The office designer for global clients such as JLL, Google and Microsoft has warned against the growing move to rid employees of their own desk.
Stephen Minnett, founder of Australian design agency Futurespace and new consultancy firm Futurevision, believes that disgruntled employees often respond poorly to what is now known as activity-based working because they feel they have been disenfranchised by the move.
Mr Minnett says companies need to offer their staff clear benefits to justify the transition and maintain office morale.
When moving to an activity-based work space, he says, employers will often make promises in return for relinquishing individual ownership of a desk such as “you’ll have a desk when you need it”.
However, many don’t follow through with enough working options.
Offices with benefits: Inside JLL’s Sydney premises, designed in collaboration with Futurespace. Photo: Tyrone Branigan
“What happens is that promise of choice is not delivered,” he says. “People say to us when they get to work they can’t find a quiet space to work from or they can’t get a desk. That’s unacceptable.”
Employers need to make sure their words are more than just hollow promises, he says, and suggests the provision of cutting-edge tech as a possible way of ensuring morale is maintained.
“You could give them technology as good as their kids have at home,” he says.
Stephen Minnett, founder of Futurespace and Futurevision. Photo: Supplied
Mr Minnett has worked with global companies including Microsoft, Google, JLL and Wotif to implement their workplace policies, programs and ethos into their local office designs.
The recently opened Melbourne headquarters of accounting software company MYOB demonstrates that not all design considerations are technology based.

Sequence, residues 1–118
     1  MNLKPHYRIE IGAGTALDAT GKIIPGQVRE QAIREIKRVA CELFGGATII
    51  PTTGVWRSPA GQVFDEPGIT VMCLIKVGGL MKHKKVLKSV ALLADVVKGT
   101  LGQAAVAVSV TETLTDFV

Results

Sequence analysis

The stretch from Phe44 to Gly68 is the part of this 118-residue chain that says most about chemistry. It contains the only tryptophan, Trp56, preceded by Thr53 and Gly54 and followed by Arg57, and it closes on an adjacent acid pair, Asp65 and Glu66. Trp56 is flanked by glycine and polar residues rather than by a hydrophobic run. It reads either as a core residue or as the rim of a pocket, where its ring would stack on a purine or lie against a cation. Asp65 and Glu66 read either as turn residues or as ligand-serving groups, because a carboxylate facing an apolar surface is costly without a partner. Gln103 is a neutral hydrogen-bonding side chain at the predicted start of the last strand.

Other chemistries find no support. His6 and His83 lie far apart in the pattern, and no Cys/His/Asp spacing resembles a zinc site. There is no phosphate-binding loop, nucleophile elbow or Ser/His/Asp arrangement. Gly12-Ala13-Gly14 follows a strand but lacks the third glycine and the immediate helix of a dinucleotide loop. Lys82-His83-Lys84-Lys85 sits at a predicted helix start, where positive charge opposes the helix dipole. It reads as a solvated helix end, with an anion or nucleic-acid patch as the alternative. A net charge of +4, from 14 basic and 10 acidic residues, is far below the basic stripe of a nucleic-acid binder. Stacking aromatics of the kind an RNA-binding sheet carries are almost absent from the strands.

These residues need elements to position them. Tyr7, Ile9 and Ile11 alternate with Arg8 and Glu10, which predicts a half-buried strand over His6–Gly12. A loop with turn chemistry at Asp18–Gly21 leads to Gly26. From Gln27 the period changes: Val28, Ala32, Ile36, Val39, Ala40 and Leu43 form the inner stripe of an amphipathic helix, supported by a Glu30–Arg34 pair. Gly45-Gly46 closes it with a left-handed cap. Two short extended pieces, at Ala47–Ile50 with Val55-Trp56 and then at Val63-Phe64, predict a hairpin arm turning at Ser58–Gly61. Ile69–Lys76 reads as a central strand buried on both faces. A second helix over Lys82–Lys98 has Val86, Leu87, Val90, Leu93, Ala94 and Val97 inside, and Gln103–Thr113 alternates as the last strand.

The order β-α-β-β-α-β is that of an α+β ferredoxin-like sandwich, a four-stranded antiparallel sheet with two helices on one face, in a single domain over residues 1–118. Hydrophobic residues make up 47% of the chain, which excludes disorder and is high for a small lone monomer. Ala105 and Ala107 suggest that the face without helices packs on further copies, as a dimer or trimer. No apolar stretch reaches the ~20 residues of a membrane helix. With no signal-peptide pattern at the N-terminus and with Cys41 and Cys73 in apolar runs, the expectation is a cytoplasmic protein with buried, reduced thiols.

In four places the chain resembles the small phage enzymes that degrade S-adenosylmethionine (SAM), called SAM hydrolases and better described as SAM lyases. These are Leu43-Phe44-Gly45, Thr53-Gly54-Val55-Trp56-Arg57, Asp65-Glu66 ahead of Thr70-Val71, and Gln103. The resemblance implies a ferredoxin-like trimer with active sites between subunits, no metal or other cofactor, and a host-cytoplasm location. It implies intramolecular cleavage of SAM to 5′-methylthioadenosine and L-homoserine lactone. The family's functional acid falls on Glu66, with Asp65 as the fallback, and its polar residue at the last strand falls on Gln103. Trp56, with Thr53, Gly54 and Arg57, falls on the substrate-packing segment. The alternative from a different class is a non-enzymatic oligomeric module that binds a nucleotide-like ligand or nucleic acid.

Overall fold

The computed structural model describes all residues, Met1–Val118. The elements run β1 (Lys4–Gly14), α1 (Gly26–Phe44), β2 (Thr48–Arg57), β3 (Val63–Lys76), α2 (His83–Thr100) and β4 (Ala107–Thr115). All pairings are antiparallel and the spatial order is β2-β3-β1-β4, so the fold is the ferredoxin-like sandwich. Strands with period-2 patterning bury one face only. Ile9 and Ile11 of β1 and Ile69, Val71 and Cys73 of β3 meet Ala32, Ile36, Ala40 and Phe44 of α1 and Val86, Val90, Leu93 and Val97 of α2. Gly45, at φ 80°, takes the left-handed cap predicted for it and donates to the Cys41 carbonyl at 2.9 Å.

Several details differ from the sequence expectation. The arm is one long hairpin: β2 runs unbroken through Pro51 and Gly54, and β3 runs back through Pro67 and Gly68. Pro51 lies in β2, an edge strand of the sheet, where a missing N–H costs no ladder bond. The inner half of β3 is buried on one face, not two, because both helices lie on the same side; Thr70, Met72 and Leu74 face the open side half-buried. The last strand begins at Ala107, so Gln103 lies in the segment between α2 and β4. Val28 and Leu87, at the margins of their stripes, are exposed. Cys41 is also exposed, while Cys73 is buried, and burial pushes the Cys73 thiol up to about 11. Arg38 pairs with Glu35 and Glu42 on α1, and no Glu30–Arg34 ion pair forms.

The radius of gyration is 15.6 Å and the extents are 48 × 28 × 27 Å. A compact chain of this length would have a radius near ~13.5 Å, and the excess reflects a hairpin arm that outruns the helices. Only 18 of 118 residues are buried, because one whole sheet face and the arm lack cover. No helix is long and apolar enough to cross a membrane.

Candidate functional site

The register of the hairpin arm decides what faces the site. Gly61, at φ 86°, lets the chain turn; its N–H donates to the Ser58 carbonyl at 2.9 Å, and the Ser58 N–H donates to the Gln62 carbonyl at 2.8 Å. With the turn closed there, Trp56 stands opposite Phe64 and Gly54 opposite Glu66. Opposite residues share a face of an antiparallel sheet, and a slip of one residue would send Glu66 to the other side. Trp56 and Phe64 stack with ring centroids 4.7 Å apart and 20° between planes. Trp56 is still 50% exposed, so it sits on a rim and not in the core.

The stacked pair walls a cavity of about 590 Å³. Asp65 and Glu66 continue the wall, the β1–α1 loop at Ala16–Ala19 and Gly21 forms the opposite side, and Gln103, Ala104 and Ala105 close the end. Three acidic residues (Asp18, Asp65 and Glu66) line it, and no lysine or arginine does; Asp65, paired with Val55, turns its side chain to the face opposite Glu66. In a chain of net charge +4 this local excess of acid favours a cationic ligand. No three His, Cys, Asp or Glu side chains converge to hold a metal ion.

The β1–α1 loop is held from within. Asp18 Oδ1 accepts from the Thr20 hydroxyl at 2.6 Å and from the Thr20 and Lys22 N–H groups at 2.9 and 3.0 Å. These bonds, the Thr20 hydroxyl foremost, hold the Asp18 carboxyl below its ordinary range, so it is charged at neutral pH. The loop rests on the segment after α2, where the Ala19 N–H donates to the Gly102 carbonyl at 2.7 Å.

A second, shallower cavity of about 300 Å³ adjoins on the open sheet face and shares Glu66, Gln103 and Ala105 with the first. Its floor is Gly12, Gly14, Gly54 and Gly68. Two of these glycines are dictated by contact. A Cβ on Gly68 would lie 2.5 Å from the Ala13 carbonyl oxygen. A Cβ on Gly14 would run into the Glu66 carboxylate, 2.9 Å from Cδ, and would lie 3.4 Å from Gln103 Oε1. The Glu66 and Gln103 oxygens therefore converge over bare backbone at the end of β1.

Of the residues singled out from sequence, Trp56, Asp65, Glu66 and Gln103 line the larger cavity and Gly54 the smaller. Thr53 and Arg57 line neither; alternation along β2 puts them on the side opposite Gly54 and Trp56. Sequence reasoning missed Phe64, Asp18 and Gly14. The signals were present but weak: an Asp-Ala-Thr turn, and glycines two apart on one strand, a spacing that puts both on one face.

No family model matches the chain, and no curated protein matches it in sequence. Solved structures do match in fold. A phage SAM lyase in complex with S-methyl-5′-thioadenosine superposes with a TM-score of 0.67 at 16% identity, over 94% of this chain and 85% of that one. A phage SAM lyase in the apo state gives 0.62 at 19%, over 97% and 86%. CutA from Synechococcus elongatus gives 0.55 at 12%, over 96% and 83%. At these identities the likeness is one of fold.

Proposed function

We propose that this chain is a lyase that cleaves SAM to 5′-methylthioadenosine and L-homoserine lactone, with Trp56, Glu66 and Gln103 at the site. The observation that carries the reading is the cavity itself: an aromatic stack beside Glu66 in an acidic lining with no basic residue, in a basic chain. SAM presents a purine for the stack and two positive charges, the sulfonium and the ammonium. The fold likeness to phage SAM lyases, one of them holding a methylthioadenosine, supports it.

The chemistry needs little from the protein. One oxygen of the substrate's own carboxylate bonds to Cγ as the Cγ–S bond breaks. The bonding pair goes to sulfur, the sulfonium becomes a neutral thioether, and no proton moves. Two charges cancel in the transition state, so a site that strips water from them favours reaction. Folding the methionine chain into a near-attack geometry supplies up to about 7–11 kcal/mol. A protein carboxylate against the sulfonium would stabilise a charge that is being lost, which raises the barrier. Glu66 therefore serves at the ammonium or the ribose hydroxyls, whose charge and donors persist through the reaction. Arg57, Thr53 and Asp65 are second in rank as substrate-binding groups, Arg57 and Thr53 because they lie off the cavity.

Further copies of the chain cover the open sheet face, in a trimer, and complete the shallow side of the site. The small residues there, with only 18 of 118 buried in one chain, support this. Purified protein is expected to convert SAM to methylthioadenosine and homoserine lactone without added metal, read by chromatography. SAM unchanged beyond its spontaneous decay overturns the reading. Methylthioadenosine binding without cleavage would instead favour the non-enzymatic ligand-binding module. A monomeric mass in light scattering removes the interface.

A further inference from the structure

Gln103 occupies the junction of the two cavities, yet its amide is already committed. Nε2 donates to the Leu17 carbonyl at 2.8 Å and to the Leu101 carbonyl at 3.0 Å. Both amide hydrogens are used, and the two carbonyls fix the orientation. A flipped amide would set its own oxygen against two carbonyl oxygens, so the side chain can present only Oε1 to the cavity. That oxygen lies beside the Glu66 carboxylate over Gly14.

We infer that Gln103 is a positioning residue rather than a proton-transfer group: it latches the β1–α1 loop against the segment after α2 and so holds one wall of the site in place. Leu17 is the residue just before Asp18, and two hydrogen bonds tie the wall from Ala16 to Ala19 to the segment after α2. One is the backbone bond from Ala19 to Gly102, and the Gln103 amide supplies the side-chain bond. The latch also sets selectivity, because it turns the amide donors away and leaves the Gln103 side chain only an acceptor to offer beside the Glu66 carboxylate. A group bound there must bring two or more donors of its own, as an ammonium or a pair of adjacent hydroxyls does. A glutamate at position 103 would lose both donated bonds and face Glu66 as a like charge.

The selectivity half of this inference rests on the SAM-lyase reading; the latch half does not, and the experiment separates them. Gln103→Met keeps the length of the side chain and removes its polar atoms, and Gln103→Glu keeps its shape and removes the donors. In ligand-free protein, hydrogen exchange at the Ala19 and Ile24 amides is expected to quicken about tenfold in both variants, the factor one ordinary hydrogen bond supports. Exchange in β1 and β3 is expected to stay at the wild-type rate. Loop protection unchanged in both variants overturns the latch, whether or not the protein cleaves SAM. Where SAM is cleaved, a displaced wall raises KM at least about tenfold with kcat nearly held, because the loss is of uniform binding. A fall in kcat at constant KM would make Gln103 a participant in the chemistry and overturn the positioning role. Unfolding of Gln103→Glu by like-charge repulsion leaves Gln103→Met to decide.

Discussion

The converted warehouse building includes a prayer and wellness room as well as a dedicated parents’ room, all aiming to foster inclusion and diversity in the workplace.
The Library – a meeting and relaxation area in Google’s Sydney offices. Photo: Google
It’s not just the question of maintaining employee satisfaction that’s keeping Mr Minnett busy.
As employers grapple with the task of ever-changing workplace numbers, largely brought on by unprecedented advances in technology, they are also struggling to deal with legacy issues unique to each city.
Sydney, for example, suffers from a chronic shortage of large floorplate spaces owing to its land form and development period, creating headaches for big clients looking to create open-plan offices.
“I think the difference in Sydney and Melbourne is the size of the two CBDs and the opportunities that it gives to create the right floorplate moving forward,” Mr Minnett said.
“Sydney is so constrained it creates higher prices, higher rents. A site with 2000 square metres is almost impossible to create in the Sydney CBD.
“The property sector is making unreasonable demands; increasingly organisations can see that and that’s why they’re seeking outside help. Increasingly they’re looking to us to provide that vision.”
Part of Mr Minnett’s consultancy work with Futurevision is expanding on his design experience with FutureSpace to help clients predict their future workplace needs.
“I suppose Futurevision is really the forward focus part of Futurespace,” he says. “FutureSpace was founded 15 years ago with a strong interest in the future of the workplace.
“I think what we’re finding is businesses are finding it harder than ever to predict the future of the work space. Technology is making it harder and harder to envision what a business will need into the future.”
Mr Minnett, who is busy dashing across the country and overseas to assist clients, said it could not be a more exciting time to be in the industry.
“The workplace is just going to continue to become more like the home and I think as a workplace designer it’s a really exciting place to be in Australia at the moment,” he says. “We’re leading the world in a lot of was in the development of agile, intelligent workplace solutions.
“Trying to create the environments that really support people’s lives is important, and it’s exciting to be part of that.”